Pittsburgh Post-Gazette

Medical billing company suffers data breach

May 20th, 2015

University of Pittsburgh Medical Center (UPMC) suffered a data breach when third party working with the facility reported that approximately 2,200 UPMC patients may have had their records exposed by an employee.

After the incident, a Medical Management LLC employee, no longer works for the company. It was found that the employee copied certain items of personal information from the billing system over the past two years and then illegally disclosed that information to a third party.

Affected information includes names, dates of birth and Social Security numbers. Statement mentioned that there is no evidence that information about medical histories or treatments was disclosed.

According to the statement:

“We apologize for any anxiety or inconvenience that this incident may cause for our patients,” John Houston, UPMC’s vice president of privacy and information security, said in a statement. “We hold our vendors to the same high privacy standards that we have for ourselves. Based upon the ongoing investigation, we will make whatever changes might be necessary to further enhance our already stringent privacy protections, especially those that apply to our business partners.”

“UPMC has been informed by law enforcement authorities based on their ongoing investigation that more employee information was stolen than they originally knew,” Gloria Kreps, a UPMC spokeswoman, wrote in an email to the Pittsburgh Post-Gazette. “This new information has indicated that employee names, Social Security numbers, addresses, salaries, bank account numbers and bank routing numbers may have been accessed.”

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Unique case where concerned entity didn’t violate HIPAA regulations

March 30th, 2014

 

Major task of HIPAA is to keep track on data breaches and government penalties for compliance failure. It covers entities that handle patient data in some form. Incident involved Monroeville, Pa. when its 911 dispatch centre from five fire stations gave easy access for patient medical records to unauthorized users. Information which was accessible included names, driver’s license numbers, birth dates and medical histories.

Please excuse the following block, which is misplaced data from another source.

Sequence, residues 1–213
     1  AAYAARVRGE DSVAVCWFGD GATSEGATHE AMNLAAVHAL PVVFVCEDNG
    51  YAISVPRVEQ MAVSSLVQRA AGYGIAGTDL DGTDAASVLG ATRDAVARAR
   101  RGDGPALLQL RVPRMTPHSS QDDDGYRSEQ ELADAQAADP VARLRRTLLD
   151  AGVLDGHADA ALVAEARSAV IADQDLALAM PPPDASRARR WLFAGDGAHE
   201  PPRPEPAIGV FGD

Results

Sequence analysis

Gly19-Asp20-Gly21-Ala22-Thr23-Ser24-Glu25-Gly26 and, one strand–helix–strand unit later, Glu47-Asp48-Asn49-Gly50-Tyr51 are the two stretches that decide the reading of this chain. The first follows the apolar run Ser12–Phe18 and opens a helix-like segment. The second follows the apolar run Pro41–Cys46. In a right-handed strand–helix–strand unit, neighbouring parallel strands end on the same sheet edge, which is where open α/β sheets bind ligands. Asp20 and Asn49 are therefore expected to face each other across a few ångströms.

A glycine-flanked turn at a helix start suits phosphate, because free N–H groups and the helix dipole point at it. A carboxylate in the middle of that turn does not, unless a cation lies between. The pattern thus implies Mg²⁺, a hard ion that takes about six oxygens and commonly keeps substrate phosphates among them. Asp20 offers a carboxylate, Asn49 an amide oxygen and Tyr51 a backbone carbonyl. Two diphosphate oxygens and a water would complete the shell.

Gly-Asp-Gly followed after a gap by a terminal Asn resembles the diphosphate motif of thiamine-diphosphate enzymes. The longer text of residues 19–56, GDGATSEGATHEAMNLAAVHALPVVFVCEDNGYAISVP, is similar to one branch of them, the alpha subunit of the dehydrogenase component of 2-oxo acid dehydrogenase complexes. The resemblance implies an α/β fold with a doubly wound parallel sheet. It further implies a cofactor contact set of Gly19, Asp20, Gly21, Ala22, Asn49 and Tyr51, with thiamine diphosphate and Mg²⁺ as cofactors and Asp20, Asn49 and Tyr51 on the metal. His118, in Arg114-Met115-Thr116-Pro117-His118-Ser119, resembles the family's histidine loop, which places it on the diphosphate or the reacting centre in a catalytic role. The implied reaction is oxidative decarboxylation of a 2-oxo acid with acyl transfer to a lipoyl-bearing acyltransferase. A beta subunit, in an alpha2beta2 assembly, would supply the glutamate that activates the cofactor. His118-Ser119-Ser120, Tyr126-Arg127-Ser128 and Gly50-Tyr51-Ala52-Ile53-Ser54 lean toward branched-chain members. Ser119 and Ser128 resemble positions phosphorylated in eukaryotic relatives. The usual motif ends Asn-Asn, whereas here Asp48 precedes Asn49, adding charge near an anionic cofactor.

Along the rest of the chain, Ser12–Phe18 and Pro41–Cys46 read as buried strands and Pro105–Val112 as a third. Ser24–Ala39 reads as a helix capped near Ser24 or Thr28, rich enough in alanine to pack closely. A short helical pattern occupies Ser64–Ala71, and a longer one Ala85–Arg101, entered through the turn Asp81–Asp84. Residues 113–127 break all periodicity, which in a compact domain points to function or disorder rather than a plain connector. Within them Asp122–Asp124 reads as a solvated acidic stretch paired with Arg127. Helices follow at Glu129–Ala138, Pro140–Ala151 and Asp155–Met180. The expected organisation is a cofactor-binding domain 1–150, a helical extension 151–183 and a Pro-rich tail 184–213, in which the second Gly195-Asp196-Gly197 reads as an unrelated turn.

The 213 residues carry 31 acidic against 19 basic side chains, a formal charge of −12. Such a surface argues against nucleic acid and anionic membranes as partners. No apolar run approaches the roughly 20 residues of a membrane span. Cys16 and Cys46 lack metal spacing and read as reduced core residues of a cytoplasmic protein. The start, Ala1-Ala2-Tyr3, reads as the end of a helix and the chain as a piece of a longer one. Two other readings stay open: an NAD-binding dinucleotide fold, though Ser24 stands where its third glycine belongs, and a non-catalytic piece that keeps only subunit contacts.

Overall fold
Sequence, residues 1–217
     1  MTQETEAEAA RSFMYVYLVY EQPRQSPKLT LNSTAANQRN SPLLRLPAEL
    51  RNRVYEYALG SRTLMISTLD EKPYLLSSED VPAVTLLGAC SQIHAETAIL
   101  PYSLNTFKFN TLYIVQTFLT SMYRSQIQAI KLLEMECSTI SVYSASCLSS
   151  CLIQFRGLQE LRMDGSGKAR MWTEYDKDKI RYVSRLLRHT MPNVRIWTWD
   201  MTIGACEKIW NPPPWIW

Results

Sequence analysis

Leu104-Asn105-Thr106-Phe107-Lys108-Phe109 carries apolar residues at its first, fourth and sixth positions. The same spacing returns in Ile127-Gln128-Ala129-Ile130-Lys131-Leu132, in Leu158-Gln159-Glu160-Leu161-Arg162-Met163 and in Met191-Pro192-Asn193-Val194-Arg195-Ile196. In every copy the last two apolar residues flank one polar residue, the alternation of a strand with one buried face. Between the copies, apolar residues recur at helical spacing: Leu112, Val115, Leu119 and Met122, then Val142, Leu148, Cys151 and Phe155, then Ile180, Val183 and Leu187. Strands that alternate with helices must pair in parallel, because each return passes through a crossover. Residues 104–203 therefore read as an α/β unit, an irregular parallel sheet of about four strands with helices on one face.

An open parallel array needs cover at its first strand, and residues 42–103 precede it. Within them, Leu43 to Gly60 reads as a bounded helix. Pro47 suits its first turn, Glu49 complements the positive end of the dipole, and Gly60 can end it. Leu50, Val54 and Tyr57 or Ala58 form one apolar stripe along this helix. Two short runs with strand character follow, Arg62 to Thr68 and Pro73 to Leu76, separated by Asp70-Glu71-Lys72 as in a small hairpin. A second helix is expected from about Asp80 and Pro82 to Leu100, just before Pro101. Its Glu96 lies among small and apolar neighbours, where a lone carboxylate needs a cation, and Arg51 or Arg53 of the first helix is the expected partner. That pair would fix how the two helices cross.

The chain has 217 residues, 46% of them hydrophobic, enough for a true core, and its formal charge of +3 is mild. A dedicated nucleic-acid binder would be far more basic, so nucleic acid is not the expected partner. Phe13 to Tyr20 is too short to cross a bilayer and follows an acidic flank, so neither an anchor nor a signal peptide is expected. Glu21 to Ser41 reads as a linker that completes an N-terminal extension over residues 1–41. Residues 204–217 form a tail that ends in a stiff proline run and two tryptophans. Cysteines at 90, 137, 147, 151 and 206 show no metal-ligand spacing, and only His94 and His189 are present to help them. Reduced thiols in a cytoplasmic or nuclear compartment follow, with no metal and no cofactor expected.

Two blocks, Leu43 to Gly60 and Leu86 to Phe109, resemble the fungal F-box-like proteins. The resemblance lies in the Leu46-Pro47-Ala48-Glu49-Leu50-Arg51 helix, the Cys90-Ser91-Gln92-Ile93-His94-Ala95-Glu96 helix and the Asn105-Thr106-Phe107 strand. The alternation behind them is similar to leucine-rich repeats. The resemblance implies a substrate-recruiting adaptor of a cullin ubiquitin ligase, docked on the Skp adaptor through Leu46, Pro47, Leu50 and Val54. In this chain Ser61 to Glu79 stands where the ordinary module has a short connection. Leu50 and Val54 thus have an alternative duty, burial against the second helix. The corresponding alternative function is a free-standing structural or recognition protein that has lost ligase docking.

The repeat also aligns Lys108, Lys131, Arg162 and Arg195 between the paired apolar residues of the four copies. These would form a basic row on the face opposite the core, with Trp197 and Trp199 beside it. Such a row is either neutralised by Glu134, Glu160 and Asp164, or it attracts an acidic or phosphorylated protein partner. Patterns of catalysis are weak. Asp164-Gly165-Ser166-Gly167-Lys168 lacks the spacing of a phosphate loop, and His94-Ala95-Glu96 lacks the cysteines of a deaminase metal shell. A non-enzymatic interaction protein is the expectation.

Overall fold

Monroeville is a community of about 28,000 with a vibrant business corridor, a convention center and two busy hospitals. The Pittsburgh Post-Gazette was covering this incident for last two years and found that Monroeville, Pa didn’t breached HIPAA regulations. Investigation was carried out by Department of Health and Human Services (HHS).

HHS learned that municipality failed to maintain the database properly and soon after the discovery of the breach unauthorized access was terminated. According to Office for Civil Rights, ‘Monroeville, its dispatch center, police department or fire department are all not covered under the provisions of the privacy law, which mainly related to health care providers and insurers.’

Two Monroeville council members said they were pleased by the government’s findings. Tom Wilson said, “I was happy that they didn’t find any violations, and the folks that were falsely accused, that took the brunt of the accusations, were completely exonerated.”

Linda Gaydos said,” “I am absolutely overjoyed for the employees of our police department, our dispatch center, our EMS and our fire departments and their families, to have this put behind them,” She added, “We had a group of people in Monroeville that worked against Monroeville, and they smoke-screened and they tried to keep stirring the pot and they tried to scare people and make it worse. They’ve made it a very, very bad, uncomfortable situation for a lot of people, and I’m hoping this will put an end to it.”

Municipal Manager Timothy Little said, “I think it lifts a cloud off of Monroeville, and specifically the public safety aspect of the municipality, that there wasn’t any wrongdoing with respect to [health privacy law] violations,”

Organizations, especially corporate giants, have to have an information security policy in place that proves they have taken necessary steps and measures to safeguard the information they gathered. If these policies are not adhered to, the regulators may prosecute.

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